THE MCGUFFEY READERS
In 1833, a small publishing company called Truman and Smith based in Cincinnati, Ohio, became interested in the idea of school texts. Truman and Smith began scouting for an eminent educator who could create a series of readers They happened upon Rev. William Holmes McGuffey.
Rev. William Holmes McGuffey had already planned a series of readers and had published his first reader. This first reader of 1841 introduces children to McGuffey's ethical code. The child modeled in this book is prompt, good, kind, honest and truthful. This first book contained fifty-five lessons.
The second reader appeared simultaneously with the first and followed the same pattern. It contained reading and spelling with eighty-five lessons, sixteen pictures and one-hundred sixty-six pages. It outlined history, biology, astronomy, zoology, botany; table manners, behavior towards family, attitudes toward God and teachers, the poor; the great and the good. The duties of youth are stressed. Millions of pioneer men and women were alumni of this second reader college, they were able to read and write English.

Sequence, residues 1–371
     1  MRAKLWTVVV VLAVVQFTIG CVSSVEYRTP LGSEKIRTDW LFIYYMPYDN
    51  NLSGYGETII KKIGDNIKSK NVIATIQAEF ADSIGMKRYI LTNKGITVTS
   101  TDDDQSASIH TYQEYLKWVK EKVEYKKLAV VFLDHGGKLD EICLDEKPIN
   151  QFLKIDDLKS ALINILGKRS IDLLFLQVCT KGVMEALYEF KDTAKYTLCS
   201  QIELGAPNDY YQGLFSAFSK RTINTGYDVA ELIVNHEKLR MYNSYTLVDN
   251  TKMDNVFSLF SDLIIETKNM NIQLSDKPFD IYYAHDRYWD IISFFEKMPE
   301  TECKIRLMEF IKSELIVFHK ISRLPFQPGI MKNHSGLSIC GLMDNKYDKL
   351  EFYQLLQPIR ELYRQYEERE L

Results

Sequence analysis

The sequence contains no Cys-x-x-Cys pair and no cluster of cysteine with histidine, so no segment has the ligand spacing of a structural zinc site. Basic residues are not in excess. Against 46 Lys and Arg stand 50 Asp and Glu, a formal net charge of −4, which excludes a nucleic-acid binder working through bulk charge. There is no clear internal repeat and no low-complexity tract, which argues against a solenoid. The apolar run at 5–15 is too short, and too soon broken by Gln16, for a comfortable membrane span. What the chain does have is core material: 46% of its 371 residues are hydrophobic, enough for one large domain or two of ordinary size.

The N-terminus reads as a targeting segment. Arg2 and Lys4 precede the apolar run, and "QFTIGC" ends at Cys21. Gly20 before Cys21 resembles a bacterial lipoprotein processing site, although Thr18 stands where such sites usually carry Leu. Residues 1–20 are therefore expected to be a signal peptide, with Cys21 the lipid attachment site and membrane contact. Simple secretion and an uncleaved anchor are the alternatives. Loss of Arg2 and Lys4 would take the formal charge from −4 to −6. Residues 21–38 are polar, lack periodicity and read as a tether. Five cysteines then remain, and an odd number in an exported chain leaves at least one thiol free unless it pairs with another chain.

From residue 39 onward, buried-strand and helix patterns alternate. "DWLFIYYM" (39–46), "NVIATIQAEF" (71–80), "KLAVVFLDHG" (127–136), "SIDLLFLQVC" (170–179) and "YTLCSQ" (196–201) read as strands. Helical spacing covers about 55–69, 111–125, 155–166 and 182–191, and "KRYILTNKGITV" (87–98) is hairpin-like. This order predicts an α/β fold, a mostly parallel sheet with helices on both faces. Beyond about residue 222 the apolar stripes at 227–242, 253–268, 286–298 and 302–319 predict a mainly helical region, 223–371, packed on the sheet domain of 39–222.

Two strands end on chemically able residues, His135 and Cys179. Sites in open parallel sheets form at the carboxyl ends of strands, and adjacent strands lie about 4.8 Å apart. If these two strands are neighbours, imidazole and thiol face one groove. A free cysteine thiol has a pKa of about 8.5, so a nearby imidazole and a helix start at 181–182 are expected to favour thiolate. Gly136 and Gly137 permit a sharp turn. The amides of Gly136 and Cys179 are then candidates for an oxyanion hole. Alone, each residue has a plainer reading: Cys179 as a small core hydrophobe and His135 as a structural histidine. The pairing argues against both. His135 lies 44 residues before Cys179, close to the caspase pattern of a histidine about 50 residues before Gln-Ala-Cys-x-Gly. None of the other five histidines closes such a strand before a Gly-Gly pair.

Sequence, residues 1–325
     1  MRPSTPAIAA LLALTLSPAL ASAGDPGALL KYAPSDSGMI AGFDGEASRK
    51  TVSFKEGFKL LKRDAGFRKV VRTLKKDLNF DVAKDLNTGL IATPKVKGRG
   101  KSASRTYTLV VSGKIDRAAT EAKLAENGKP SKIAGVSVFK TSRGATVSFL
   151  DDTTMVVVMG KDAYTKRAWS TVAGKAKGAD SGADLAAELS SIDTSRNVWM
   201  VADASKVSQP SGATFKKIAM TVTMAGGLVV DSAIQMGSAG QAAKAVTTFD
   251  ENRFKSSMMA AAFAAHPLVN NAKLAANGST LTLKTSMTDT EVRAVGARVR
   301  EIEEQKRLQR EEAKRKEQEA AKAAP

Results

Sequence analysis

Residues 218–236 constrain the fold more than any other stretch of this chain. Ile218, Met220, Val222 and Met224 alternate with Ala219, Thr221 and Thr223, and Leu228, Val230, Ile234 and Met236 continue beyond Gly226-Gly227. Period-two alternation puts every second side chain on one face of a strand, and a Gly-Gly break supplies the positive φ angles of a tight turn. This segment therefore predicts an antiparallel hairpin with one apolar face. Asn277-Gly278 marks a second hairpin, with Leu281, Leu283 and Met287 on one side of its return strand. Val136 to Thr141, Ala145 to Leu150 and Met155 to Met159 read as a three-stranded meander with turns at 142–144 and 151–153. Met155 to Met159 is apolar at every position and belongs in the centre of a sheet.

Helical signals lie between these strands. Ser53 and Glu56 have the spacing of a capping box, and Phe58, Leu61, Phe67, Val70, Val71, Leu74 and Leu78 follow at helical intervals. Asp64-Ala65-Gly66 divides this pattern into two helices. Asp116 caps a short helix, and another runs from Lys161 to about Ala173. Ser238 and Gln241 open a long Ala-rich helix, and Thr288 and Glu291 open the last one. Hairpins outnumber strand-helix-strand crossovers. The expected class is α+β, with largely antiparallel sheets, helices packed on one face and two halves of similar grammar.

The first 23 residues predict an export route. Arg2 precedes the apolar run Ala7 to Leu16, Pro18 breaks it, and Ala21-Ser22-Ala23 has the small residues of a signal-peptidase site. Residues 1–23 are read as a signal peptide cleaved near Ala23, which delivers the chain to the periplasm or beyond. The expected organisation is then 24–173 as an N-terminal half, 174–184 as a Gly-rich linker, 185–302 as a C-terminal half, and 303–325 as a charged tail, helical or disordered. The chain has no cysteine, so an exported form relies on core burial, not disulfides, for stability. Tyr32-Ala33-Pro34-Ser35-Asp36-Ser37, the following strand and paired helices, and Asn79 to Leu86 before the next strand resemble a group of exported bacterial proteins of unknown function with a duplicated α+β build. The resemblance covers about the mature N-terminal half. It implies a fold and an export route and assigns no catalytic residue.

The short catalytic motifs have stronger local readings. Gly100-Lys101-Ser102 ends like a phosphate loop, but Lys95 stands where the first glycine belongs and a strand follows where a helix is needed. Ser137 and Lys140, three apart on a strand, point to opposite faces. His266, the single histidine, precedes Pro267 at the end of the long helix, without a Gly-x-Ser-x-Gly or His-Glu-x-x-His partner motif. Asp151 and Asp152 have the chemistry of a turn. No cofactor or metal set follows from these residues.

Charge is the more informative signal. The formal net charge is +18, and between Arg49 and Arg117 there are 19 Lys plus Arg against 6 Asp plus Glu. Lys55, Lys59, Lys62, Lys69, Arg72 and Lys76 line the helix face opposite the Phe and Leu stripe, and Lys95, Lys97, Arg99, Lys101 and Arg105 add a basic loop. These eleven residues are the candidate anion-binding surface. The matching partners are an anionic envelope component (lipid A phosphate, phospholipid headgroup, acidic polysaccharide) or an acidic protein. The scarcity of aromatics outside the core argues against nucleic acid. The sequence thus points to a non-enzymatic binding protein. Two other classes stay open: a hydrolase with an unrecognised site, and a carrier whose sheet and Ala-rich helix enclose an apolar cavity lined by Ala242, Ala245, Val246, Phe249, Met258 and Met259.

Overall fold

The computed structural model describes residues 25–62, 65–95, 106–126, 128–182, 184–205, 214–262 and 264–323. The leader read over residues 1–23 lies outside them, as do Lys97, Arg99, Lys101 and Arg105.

The third reader was much more formal. It contained rules for oral reading of it's fifty-seven lessons. This book contained only three pictures and was designed for a more mature mind, of junior high standing today.
The fourth reader was an introduction to good literature. It contained British poetry and used the Bible among it's selections. This text was addressed to the highest grade in schools, it's difficulty compared to that of American secondary schools. It discussed Napoleon Bonaparte, Puritan fathers, women, God, education, religion and philosophy.
The fifth reader was designed for elocutionary exercises to increase articulation, inflection, pitch, accent, rate, emphasis and gesture. It contained poetry and prose by Sigourney, Montgomery, Addison, Irving, Young and Byron.
In the sixth and final reader of 1885, there were 186 selections, 111 great authors were quoted such as Shakespeare, Longfellow, Dickens and Addison. The theme of the selections included several forms of composition, description, narration, argumentation and exposition. In this book there were also seventeen selections from the Bible.
The readers were very moralistic in tone. They presented the White, Anglo-Saxon, Protestant as the model American.
These "eclectic readers" - meaning that the selections were chosen from a number of sources - were considered remarkably literary works and probably exerted a greater influence upon literary tastes in the United States more than any other book, excluding the Bible.
Prepared by Shannon Payne